Every business must handle its taxes, so you should always track your net income for tax purposes. If you have everything you made and the documents to support these statements, you can submit them to the government and cover your taxes.

You can also find out if you must pay additional taxes or if the government owes you some of the money you spent. You can then use your net income from previous years to help you predict your taxes and avoid problems in the future.

You can submit your net income as proof of how much you made while paying what you owe. Otherwise, you could face a charge of tax fraud or similar charges, so do your best to track your taxes and make payments.

Prepare Your Estimated Payments

Speaking of taxes, you’ll want to prepare your estimated tax payments. These refer to payments you must make every quarter to cover how much money you make during the year. If you track your net income, you can use it to calculate your estimated tax payments.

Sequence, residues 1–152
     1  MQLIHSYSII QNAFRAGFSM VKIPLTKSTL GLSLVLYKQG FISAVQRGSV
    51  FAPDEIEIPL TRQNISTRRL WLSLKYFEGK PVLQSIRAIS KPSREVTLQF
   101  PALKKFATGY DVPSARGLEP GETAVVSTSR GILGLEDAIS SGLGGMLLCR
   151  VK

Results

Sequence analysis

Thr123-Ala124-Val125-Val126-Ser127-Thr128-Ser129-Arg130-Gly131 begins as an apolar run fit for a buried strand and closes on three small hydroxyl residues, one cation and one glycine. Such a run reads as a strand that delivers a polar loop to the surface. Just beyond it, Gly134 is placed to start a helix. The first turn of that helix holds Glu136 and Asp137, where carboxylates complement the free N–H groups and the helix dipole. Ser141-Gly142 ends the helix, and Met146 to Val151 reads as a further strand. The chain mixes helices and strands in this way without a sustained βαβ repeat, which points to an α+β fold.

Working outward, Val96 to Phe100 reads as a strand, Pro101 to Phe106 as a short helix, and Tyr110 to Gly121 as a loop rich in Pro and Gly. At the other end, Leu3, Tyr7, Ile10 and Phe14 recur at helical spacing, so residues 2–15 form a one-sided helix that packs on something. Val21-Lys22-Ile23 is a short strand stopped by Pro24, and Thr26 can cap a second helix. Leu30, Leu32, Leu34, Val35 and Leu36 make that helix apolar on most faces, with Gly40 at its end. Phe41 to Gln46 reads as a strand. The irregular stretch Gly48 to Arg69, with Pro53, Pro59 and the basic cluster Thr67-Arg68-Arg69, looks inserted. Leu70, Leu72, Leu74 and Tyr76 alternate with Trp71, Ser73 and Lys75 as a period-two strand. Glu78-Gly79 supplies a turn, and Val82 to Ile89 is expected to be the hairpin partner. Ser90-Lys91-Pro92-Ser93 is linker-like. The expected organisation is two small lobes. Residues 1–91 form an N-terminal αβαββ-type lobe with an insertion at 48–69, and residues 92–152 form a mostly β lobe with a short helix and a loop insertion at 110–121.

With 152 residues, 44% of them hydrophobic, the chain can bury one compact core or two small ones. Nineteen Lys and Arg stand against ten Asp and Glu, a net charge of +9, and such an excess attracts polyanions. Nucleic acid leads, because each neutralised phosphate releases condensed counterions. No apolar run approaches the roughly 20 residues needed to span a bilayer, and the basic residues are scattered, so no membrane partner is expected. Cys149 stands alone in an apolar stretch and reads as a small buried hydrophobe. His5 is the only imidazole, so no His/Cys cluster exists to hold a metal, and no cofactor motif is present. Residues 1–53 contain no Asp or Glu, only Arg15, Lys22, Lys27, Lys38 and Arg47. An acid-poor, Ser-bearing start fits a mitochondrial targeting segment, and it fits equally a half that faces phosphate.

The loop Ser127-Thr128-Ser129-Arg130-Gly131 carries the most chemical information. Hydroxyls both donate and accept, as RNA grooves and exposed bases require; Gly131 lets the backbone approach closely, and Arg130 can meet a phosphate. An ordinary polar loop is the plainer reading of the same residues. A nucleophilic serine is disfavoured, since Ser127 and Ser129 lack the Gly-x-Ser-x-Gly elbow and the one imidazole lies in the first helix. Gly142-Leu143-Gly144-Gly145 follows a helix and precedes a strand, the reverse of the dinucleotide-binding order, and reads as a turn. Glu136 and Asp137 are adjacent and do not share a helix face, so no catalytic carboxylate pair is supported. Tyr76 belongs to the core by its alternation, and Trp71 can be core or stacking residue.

This process allows you to mitigate and potentially prevent tax penalties. During the course of making your interim payments, it's essential to ensure that you remit at least 90 percent of the requisite charges to circumvent penalties, bearing in mind that any shortfall will need to be settled later.

Interestingly, your net income from the preceding fiscal year can be a helpful tool in managing these payments. By comparing your actual and projected earnings, you can adjust your quarterly payments accordingly, ensuring all tax obligations are adequately covered.

The Paramount Objective of Net Income Monitoring

The primary purpose of tracking your net income is to gather vital financial data. The performance of your business can be gauged by the amount of net income generated within a specific period. An increase in net income indicates improved performance, whereas a decrease may signal the need for strategic adjustments.